Full Committee Chair Nita Lowey (D-NY), Subcommittee Chair Rosa DeLauro (D-CT), Ranking Member Tom Cole (R-OK), and other members of the subcommittee expressed concern with the $4.9 billion cut recommended in the President’s FY 2020 budget request, especially in contrast to the $2 billion increase NIH received from Congress in FY 2019. Committee members questioned the witnesses on the health trends associated with e-cigarettes and vaping, Schedule 1 substance research, the growing measles epidemic, health disparities among women and minorities, and NIH’s testing of medical treatments on animals. A written statement from Collins, along with a recording of the hearing can be found on the committee’s website.

The following week on April 11, the Senate Appropriations LHHS Subcommittee held its budget hearing with NIH leaders, including Drs. Collins, Fauci, Lowy, and Volkow, as well as National Institute of Diabetes and Digestive and Kidney Diseases (NIDDK) Director Griffin Rodgers, National Institute of General Medical Sciences (NIGMS) Director Jon Lorsch, and National Institute on Aging (NIA) Director Richard Hodes. As in the House, NIH received bipartisan praise from Subcommittee members. Several senators, including Full Committee Chair Richard Shelby (R-AL), Subcommittee Chair Roy Blunt (R-MO), Ranking Member Patty Murray (D-WA) expressed concern with the cut in the President’s 2020 budget. Committee members questioned the witnesses on NIH activities relating to foreign government espionage and theft of research, preventing sexual harassment in research settings, NIH’s relationship with private research entities, developing young scientists, the opioid epidemic, and the growing measles epidemic. Written statements from Blunt and Collins, along with a recording of the hearing can be found on the committee’s website.

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Posted in Issue 8 (April 16), Update, Volume 38 (2019)

NIH Seeks Input on the Need for an Administrative Data Enclave

The National Institutes of Health (NIH) has issued a Request for Information (RFI) on the potential development of a secure data enclave within the NIH using existing funds. This enclave would allow approved research organizations to access sensitive non-public NIH information such as information on peer review outcomes, grant progress reports, and demographic information of NIH grant applicants. NIH approval would be required for researchers to access the data. The NIH is seeking information about this proposed data enclave including examples of research that is currently not pursuable without such access, whether the benefits of a data enclave are worth the opportunity cost of the necessary NIH funds, preferences about accessing a data enclave virtually or in a designated physical location, quantity of “seats” of researchers given access to the data enclave, examples of high level data protection procedures, and examples of potential research outputs from a data enclave. NIH’s Deputy Director for Extramural Research Mike Lauer published a blog post discussing the RFI in greater detail. Responses can be submitted here by May 30, 2019.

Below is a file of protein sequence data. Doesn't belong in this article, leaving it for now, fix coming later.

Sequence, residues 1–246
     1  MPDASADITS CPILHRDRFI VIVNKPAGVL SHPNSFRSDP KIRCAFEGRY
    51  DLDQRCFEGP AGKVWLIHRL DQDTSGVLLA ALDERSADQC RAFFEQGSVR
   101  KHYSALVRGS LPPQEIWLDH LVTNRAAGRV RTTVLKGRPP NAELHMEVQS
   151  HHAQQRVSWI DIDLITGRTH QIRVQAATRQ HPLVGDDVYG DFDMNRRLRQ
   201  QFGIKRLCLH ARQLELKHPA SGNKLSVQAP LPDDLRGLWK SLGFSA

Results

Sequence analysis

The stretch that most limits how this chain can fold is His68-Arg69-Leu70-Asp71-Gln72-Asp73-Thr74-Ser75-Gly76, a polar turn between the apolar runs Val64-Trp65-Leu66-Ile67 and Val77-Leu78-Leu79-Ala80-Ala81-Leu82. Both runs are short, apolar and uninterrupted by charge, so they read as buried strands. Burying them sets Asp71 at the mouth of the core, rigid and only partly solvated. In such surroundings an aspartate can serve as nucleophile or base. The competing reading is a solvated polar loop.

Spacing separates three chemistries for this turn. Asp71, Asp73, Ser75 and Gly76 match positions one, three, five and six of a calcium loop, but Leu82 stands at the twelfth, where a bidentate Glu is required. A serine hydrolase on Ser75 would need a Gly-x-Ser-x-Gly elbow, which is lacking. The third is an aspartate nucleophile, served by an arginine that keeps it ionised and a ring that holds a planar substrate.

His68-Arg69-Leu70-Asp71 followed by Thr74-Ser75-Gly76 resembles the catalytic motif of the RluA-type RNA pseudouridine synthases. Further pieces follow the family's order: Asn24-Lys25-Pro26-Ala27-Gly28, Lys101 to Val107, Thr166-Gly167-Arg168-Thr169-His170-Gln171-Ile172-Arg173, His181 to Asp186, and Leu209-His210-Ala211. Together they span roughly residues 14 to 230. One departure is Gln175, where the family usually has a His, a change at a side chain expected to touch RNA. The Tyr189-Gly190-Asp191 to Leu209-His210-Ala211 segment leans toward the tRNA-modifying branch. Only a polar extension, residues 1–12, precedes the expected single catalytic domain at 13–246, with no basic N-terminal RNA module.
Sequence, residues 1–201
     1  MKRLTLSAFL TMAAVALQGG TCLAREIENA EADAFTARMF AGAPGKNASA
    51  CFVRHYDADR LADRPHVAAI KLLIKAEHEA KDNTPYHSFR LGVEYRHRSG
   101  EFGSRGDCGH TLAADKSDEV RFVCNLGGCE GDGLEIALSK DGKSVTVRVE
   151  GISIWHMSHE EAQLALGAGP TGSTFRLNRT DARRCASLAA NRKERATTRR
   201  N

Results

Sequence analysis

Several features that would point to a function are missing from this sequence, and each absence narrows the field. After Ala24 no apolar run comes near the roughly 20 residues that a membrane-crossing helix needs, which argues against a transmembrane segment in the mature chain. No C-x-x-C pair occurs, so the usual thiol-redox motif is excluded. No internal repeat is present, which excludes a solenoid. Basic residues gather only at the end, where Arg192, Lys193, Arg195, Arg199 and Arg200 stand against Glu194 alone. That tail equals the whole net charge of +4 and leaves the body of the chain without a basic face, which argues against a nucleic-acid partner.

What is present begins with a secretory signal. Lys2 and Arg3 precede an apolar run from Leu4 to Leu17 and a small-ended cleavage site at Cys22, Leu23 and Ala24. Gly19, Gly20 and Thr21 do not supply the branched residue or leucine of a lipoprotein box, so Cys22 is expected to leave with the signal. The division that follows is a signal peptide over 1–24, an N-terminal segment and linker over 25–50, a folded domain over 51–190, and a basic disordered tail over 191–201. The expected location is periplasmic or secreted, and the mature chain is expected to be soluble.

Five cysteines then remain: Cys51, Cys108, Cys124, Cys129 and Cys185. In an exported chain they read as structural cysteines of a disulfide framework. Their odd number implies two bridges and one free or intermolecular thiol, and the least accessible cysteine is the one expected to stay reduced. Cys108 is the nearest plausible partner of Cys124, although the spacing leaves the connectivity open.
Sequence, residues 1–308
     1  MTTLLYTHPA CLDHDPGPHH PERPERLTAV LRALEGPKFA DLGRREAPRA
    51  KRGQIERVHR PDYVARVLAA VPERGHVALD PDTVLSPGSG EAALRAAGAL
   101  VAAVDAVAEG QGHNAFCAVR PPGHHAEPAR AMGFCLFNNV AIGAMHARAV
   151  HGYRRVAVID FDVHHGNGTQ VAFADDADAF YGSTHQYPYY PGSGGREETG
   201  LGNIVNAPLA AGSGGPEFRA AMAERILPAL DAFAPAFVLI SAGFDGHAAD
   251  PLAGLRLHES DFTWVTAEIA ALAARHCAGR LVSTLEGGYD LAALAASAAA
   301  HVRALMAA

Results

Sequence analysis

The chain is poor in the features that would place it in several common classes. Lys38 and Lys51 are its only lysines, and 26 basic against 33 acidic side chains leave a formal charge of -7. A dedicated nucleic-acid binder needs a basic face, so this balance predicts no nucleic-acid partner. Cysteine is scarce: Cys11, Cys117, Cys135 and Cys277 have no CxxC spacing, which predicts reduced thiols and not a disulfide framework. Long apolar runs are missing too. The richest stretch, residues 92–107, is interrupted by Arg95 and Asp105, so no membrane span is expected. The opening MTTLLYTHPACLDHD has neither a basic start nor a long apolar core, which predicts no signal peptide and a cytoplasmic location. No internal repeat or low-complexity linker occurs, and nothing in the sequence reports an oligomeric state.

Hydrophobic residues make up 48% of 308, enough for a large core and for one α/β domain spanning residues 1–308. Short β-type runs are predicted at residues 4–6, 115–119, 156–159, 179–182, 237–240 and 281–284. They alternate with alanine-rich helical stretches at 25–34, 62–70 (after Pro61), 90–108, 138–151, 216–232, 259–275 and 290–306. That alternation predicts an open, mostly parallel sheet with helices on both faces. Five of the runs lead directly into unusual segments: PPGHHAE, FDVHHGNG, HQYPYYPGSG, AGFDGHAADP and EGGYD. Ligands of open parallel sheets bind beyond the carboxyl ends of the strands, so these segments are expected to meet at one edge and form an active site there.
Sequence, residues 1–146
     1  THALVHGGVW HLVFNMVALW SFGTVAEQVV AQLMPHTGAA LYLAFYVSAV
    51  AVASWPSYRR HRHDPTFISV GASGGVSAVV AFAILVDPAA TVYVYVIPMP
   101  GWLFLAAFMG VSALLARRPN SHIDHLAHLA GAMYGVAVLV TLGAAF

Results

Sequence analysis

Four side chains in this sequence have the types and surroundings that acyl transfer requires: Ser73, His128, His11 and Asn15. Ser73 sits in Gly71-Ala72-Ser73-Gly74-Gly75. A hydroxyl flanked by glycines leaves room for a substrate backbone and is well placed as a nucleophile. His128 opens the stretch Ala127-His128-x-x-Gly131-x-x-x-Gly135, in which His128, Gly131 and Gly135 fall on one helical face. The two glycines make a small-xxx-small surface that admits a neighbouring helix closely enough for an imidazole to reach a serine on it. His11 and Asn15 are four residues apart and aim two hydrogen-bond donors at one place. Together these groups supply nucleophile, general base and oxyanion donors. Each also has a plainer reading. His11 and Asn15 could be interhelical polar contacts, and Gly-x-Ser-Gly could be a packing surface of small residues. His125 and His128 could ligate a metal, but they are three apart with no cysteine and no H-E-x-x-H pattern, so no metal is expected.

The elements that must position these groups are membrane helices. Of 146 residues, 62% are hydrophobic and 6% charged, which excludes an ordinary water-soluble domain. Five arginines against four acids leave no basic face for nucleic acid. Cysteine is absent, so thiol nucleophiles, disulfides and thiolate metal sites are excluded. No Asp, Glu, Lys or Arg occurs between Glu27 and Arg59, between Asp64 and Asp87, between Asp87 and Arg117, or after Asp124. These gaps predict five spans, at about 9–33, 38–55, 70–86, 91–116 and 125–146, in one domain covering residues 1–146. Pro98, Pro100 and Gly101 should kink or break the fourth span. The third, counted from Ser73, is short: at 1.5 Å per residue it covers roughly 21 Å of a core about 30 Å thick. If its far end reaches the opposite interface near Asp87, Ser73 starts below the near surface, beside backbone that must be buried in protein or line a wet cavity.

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Posted in Issue 5 (March 5), Update, Volume 38 (2019)

NIH Publishes Update on Efforts to Address Sexual Harassment in Science

On February 28, the Office of the Director of the National Institutes of Health (NIH) released an update on efforts underway at NIH to address sexual harassment in science. The update outlines that, following the National Academies of Sciences’ report on sexual harassment of women in science, NIH established the Working Group of the Advisory Committee to the Director (ACD) on Changing the Culture to End Sexual Harassment. The task of the working group is to assess the current state of sexual harassment, advise on accountability measures, propose policies, and develop strategies for encouraging research on anti-harassment policies and measures of their effectiveness. The Working Group met for the first time this month and will report interim recommendations in June and provide a final report and recommendations to the ACD in December. The update also lists several themes that will be at the center of the working group’s recommendations including demonstrating accountability and transparency, clarifying expectations for institutions and investigators to ensure a safe workplace and inform the agency, providing clear channels of communication to NIH, and listening to victims and survivors of sexual harassment and incorporating their perspectives into future actions. More information can be found in the NIH website.

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Posted in Issue 5 (March 5), Update, Volume 38 (2019)